“Kussamo! Now there would be adventure for you. You made big mistake letting that bus go by. It might be the last one to come along here for awhile.” I could tell he was starting to settle in, while I wondered exactly what kind of adventures might be had in Kuusamo. It's over by the Russian border.
“You might be right,” I conceded. “Your English is very good. Did you learn it in school?”
“Nah. I learned it from my Australian friends. We work together at hospital, keskusta.”
“What do you do?” I asked, imagining that he was on the custodial staff.
“I am nurse. We work long shifts, and then we get off for few days. We get, how you would say, vacation?”
“Bingo. That’s the magic word, vacation. So, you’re on vacation right now?” I couldn’t help wondering whether he worked in the pneumonia ward.
“Yes. And I do not work again until Monday. Plenty of time for more party.” With a friendly grin, he hoisted his Karhu in my direction and opened his coat to show me that he had two more bears queued up in his inside pocket. “This is good part about cold weather,” he reported. “You don’t have no trouble keeping your beers cold. Though this weather is not yet cold. This is nothing,” he warned, shaking his head and finger for emphasis. “Nothing! Just wait.”
I had heard that before, and I’m sure that it’s true. It was about this time that he started to get a little feisty, though still in a good-natured way. “You know, these signs,” he said, pointing to the electronic message board above our heads, “they never work. Look at this: ‘Hyvää Matkaa.’ Have a good trip. Have a pleasant journey. Bon voyage.” He was translating to make sure I understood the point of his mockery. “Why do I need bus company to tell me to have good fucking trip. I need bus company to tell me when fucking Kemintie bus is coming to take me home. I don’t need no Hyvää fucking Matkaa.” Yes, now I could see the influence of his Aussie “mates.”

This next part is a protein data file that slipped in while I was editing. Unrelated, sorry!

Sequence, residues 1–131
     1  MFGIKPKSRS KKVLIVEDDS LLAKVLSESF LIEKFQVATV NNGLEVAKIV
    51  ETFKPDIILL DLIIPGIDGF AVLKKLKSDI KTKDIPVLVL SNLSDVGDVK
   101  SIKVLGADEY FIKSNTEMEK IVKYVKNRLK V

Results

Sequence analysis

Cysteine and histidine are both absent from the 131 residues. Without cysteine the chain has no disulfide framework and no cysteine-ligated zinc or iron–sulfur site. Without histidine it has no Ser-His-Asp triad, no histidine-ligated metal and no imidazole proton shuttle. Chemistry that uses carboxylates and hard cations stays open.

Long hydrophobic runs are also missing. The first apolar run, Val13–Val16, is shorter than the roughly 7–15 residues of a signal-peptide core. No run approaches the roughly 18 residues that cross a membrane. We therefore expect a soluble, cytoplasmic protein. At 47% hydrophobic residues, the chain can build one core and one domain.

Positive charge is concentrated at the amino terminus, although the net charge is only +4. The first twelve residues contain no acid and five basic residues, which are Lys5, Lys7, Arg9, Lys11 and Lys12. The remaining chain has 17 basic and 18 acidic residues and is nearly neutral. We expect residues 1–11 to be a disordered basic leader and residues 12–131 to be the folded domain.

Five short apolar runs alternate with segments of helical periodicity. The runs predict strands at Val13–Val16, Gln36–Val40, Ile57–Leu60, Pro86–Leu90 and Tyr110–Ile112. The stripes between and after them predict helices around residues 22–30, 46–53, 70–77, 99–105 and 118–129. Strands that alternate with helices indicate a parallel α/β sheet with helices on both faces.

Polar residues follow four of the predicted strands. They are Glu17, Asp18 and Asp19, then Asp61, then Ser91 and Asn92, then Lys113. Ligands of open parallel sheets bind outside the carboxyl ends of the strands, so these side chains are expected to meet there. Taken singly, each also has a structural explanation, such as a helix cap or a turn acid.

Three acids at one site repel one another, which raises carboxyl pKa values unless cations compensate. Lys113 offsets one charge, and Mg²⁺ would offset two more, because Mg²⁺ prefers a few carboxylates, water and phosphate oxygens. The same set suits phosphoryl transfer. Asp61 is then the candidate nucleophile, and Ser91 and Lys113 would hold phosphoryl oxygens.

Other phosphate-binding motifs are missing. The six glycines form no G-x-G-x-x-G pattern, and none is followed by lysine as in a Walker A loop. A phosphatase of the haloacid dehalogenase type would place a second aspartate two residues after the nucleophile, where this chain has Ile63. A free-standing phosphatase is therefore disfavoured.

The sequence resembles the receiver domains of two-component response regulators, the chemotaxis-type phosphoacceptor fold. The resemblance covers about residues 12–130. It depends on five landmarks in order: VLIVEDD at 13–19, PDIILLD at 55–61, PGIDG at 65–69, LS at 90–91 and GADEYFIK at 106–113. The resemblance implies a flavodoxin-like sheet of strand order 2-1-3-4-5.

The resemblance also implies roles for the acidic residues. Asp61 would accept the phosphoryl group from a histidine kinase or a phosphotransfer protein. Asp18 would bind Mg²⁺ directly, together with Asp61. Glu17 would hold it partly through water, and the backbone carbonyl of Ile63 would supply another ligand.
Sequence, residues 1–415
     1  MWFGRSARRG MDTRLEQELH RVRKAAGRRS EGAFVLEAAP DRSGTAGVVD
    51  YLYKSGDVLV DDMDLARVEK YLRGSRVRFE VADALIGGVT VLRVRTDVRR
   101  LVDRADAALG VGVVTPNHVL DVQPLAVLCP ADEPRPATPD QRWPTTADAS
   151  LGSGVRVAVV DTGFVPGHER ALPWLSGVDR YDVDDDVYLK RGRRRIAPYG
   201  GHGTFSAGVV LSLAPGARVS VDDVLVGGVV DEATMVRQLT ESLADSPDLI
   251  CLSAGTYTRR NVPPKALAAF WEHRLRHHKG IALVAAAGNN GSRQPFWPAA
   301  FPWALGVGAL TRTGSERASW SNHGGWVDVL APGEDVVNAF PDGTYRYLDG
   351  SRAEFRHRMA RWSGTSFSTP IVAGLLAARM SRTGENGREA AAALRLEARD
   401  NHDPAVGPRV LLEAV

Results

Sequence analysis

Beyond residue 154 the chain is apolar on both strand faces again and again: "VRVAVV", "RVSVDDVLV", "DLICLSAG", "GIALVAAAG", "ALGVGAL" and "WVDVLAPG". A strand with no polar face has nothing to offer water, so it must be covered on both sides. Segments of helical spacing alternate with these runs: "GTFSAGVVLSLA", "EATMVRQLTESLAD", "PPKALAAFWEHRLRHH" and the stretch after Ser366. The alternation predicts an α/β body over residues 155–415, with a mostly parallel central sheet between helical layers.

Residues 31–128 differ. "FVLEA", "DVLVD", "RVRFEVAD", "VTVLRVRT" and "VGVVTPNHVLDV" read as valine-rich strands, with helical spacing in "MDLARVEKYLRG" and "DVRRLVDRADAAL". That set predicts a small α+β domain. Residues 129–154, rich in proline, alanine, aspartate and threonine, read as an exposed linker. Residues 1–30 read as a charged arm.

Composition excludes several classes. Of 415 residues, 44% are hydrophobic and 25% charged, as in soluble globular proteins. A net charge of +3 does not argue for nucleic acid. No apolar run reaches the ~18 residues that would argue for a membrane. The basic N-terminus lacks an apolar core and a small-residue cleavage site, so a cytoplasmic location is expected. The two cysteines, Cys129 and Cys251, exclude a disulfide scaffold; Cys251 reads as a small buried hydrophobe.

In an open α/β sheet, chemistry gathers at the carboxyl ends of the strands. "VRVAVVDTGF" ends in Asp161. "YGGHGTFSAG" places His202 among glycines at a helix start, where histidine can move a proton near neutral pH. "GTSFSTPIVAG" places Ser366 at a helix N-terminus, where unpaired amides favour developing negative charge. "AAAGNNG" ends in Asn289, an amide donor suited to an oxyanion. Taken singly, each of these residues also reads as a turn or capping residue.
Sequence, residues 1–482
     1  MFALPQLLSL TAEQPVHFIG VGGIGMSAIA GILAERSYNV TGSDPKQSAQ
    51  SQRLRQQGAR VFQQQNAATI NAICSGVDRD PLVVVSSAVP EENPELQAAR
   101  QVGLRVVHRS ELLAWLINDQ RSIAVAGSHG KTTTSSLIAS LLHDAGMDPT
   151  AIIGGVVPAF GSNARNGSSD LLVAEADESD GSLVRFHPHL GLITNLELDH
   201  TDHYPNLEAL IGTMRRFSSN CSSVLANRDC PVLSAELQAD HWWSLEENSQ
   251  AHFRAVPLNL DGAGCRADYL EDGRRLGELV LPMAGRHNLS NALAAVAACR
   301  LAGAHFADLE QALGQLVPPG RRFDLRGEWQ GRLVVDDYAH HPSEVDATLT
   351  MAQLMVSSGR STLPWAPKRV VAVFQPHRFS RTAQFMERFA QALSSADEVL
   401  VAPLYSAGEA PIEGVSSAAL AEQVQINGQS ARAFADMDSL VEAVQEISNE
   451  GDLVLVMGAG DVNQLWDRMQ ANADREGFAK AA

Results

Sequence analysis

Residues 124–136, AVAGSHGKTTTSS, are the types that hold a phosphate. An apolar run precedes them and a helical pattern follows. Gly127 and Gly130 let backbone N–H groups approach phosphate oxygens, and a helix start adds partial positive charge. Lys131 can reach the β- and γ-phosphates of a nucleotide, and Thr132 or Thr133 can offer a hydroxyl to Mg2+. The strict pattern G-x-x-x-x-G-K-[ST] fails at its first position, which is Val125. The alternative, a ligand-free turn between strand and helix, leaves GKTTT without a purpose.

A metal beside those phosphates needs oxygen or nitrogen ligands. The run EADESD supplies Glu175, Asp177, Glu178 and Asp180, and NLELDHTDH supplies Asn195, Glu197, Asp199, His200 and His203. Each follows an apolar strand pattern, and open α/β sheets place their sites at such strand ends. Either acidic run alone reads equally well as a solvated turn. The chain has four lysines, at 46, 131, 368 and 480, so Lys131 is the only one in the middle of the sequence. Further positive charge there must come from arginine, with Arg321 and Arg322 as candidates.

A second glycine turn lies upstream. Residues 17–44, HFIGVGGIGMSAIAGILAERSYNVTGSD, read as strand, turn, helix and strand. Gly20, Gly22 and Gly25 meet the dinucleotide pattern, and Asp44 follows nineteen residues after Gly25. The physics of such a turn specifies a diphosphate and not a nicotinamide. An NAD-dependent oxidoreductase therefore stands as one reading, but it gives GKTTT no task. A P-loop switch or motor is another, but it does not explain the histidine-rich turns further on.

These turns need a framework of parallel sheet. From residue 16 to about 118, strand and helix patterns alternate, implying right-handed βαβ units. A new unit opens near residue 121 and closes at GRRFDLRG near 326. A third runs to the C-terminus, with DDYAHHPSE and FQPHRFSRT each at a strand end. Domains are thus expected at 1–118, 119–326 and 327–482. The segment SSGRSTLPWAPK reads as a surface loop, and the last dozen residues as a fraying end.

“What do you expect them to do?” I asked in my frog voice, “post an announcement that ‘This sign has been rendered useless by incompetent technical support staff’”?
“Why could they not just say ‘Out of Order’?”
Good question. Ordinarily, I would have been on his side. But for some reason I was feeling a little defensive on behalf of the bus company, perhaps because the buses work wonderfully, even if the signage is not always reliable. “Because civilization depends on face-saving euphemisms. These signs worked until last week,” I offered, lamely. “When we turned the clocks back an hour, that’s when they went on the fritz.”
He let out a roar that must have awakened everyone in the kerrostalo at our backs. “You mean, software engineers who programmed these signs forgot to make it possible to re-set internal clocks.” Again, he laughed loudly and long. Little tears formed around the corners of his eyes, and he wiped them with red fingers.